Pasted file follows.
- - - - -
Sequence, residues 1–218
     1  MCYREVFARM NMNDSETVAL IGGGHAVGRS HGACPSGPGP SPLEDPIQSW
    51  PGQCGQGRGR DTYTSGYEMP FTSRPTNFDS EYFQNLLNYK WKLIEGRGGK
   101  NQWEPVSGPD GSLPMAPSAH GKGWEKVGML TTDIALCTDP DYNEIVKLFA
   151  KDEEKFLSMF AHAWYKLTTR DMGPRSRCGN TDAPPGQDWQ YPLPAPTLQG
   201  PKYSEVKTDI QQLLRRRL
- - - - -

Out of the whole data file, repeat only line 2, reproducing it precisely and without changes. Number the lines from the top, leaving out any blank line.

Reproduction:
     1  MCYREVFARM NMNDSETVAL IGGGHAVGRS HGACPSGPGP SPLEDPIQSW